Homage to the Pentel orenznero

Regarding the state of mechanical pencil innovations and technologies, there’s so much going on in recent years to easily say there is a second golden era at hand for this ubiquitous writing instrument. The first era was not so well defined, as innovations were scattered widely about. But sometime in the late 1960’s some impressive changes were afoot in mechanical pencil design, engineering, and innovations. Within the next decade, some laudable advancements were made, mostly coming from Japan and Germany. But clearly, without a doubt, it was Japan who regarded the mechanical pencil most highly, inspiring several prominent companies to produce truly beautiful and functional MP writing instruments (PILOT, Pentel, Mitsubishi [Uni], Platinum, Tombow, Sakura, OHTO, Zebra, Newman, etc.). By the turn of the 21st century, those innovations had tapered off, only to be reinvigorated a decade later.

With that in mind, there are many contenders for highly regarded mechanical pencils available today. Probably the most widely talked about is the Uni Kuru Toga, especially with the advent of the Dive model. PILOT has also had a bit of a renaissance with the re-introduction of the now discontinued Automac (design more reflective of the old Automatic merged with a little TK-matic flair) and the wooden equivalent S30. But without a doubt, one of the more notable achievements has been Pentel’s Orenz Nero (or more correctly, orenznero [ オレンズネロ]). An automatic-feed mechanical pencil of drafting style inspiration, a notable descendant from Pentel’s crown achievement in automatic feed mechanical pencils – the QX05 PN305.


Evolution to the Pentel Orenz Nero

In fact, of the 7 or so members of the Pentel Orenz Nero design and management team, it was Mr. Abiko who was on the original QX05 PN305 product team and carried over his experience to the Orenz Nero mechanical design.


Pentel Orenz Nero Design & Product team members

Pentel Orenz Nero Product, Design, and Engineering Team Members

  1. Shigeki Maruyama - Pentel Sharp planning & design dept. manager
  2. Abiko Daikei - Chief specialist in sharp design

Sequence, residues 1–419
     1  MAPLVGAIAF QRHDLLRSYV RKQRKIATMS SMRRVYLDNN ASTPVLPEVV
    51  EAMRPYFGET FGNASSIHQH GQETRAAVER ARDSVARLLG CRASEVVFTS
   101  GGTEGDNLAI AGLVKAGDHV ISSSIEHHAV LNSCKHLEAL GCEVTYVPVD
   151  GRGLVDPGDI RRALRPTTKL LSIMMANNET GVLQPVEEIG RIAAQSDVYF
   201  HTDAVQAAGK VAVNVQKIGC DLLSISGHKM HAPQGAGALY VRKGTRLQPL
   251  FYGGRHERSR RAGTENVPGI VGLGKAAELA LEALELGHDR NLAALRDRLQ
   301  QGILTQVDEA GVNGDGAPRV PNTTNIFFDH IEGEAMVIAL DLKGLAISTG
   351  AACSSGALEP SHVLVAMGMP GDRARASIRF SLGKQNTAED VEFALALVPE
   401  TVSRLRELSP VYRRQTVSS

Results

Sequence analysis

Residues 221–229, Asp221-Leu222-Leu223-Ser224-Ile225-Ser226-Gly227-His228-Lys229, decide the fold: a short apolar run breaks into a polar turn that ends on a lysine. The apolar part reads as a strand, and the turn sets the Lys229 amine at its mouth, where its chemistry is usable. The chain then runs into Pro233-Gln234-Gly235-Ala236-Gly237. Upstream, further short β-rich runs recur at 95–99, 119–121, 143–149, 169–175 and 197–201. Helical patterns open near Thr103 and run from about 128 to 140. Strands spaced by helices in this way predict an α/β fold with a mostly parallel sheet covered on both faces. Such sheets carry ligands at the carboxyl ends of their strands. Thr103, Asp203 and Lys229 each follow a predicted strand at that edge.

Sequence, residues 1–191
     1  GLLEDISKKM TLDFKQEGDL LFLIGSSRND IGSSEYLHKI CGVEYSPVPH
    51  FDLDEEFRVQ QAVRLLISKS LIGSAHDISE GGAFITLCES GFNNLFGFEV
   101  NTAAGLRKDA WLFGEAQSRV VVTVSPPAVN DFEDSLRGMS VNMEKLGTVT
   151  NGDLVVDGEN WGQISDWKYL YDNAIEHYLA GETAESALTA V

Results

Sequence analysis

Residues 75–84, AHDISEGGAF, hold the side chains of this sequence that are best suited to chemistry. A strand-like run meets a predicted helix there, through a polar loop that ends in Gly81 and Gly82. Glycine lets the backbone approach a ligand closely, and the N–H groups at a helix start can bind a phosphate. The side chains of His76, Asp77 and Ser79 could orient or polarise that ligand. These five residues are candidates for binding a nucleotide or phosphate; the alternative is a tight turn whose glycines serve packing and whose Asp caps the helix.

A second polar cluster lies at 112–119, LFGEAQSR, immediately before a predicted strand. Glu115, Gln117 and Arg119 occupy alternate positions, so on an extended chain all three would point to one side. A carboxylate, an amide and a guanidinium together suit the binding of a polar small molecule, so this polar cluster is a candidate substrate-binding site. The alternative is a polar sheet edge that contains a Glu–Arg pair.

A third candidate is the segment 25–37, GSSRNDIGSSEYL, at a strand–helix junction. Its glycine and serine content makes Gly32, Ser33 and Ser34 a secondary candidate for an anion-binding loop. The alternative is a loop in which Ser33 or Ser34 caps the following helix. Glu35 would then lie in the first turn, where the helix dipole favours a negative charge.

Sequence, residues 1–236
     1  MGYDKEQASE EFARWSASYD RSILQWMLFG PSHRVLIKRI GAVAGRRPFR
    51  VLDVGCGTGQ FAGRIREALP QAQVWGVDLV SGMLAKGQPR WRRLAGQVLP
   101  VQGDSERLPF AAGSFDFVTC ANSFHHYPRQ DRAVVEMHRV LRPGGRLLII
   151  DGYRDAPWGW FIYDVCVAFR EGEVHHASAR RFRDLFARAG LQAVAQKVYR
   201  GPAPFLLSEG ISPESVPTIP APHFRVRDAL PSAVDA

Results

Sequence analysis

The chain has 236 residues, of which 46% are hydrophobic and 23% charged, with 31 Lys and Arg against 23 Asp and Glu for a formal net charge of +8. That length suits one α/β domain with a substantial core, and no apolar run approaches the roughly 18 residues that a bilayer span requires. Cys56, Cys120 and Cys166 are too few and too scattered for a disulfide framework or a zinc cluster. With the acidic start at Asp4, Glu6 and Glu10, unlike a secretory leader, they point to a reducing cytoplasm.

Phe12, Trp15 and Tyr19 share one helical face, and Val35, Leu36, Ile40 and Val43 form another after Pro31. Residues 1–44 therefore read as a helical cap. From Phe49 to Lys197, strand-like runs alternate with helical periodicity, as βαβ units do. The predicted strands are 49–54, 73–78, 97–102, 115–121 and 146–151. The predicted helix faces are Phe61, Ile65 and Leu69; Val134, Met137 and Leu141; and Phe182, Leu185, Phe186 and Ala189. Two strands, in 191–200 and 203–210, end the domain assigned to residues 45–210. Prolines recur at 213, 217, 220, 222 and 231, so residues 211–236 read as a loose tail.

3. Yoshikazu Ito - Sharp development section engineer
  4. Tomoaki Shibata - Sharp development product designer
  5. Mr. Wakai - Orenz Nero 0.5 development team manager
  6. Mr. Mizuguchi - Pentel Sharp marketing dept. manager


Mr. Yoshikazu, Mr. Abiko, Mr. Shigeki at Yoshikawa Factory


Mr. Wakai (left) - Orenz Nero 0.5 dev. team manager with Mr. Abiko at Yoshikawa


Mr. Mizuguchi - Pentel marketing manager for mechanical pencils

If you’d like to learn more about it, there are some useful and interesting sites to check out, thanks to @Linus2K and @ulfesharpe:

Pentel Japan - Orenz Nero, page 1, page 2.

Pentel Orenz Nero marketing manager interview, on NOTE.

Five Pentel pencil designers, interviewed; Orenz Nero included, on NOTE.

Pentel Orenz Nero launch event, on Digital Life.

Just a footnote:
If you look at the packaging, you’ll see Pentel writes the name as “orenznero” ( オレンズネロ), evoking the palindrome nature of it. The separation appears to be a Western thing, because of the established Orenz line. Even pentel.co.jp refers to it this way.


There were two limited edition releases of the orenzenro, in Blue-Black and Gunmetal. Sadly, they were immediately bought out and resold at well more than triple the price of the original… and in such limited numbers that they quickly vanished into the hands of collectors.

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Amazing insight here, with a lot of juicy information I had missed when the pencil was released — and I started to be interested in its innovations and homage to the past.

I bought an Orenz Nero in 0.2mm a few years after its first wave hit the markets: while it remains an exceptional writing instrument, the super-subtle tip sometimes makes it not exactly easy to use it as a daily runner, so I tend to dedicate it to special tasks, when I need extra precision, or I want to transfer letterforms from a small-size lettering template, or I just want to have fun writing in an extremely small space.

Funny thing: when I try to use a Pentel PG2 in the same 0.2mm size, I can’t feel the same amount of resistance: the “boldness” of the Orenz Nero is quietly mirrored by the gracefulness of the PG2’s sliding sleeve tip. Sometimes, one can spare a spring, and still get the same amazing results.

For 2024, I plan to buy a 0.5 model of the Orenz Nero, because I see its potential, and I heard that with the newest generations, some of the issues have been fixed, or at least ameliorated.

That being said, boy I do want that Pentel QX: if it feels and writes as smoothly as it appears on screen… gosh I’m blushing…

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Pentel’s crowning achievement was the development of an auto-feed system that could work with a variety of lead sizes. And it would seem the first to have an auto-feed 0.2 mm mechanical pencil. From all I’ve seen, PILOT’s auto-feed pencils are all 0.5 mm. The Automac and S30, their latest models, don’t offer 0.3 mm or even 0.7 mm.